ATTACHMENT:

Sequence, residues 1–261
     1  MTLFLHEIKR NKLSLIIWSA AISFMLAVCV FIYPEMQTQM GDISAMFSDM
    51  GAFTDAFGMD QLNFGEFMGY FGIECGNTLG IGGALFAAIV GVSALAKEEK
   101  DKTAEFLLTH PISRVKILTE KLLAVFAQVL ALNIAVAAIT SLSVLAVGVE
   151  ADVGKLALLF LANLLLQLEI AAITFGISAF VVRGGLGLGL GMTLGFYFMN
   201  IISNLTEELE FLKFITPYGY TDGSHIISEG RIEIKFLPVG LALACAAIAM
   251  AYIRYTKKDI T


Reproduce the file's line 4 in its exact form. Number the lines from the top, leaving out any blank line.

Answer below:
   101  DKTAEFLLTH PISRVKILTE KLLAVFAQVL ALNIAVAAIT SLSVLAVGVE